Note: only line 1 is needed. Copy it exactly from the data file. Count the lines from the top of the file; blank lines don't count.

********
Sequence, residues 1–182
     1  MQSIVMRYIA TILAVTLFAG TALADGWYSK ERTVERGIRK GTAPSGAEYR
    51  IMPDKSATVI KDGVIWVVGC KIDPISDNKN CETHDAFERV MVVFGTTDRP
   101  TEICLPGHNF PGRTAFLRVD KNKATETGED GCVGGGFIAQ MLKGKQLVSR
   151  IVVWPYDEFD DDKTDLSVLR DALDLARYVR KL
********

Sequence, residues 1–182